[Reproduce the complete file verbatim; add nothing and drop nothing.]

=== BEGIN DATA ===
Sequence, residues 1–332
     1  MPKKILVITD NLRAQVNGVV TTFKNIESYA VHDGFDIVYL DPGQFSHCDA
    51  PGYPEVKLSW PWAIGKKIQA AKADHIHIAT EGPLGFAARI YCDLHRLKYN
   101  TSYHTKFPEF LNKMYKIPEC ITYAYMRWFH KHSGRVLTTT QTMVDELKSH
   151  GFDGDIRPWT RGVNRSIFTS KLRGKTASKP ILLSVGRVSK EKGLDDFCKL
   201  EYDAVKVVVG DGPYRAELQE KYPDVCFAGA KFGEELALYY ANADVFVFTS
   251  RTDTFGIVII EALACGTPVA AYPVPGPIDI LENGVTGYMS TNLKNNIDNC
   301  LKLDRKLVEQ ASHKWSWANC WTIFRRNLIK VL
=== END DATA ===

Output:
Sequence, residues 1–332
     1  MPKKILVITD NLRAQVNGVV TTFKNIESYA VHDGFDIVYL DPGQFSHCDA
    51  PGYPEVKLSW PWAIGKKIQA AKADHIHIAT EGPLGFAARI YCDLHRLKYN
   101  TSYHTKFPEF LNKMYKIPEC ITYAYMRWFH KHSGRVLTTT QTMVDELKSH
   151  GFDGDIRPWT RGVNRSIFTS KLRGKTASKP ILLSVGRVSK EKGLDDFCKL
   201  EYDAVKVVVG DGPYRAELQE KYPDVCFAGA KFGEELALYY ANADVFVFTS
   251  RTDTFGIVII EALACGTPVA AYPVPGPIDI LENGVTGYMS TNLKNNIDNC
   301  LKLDRKLVEQ ASHKWSWANC WTIFRRNLIK VL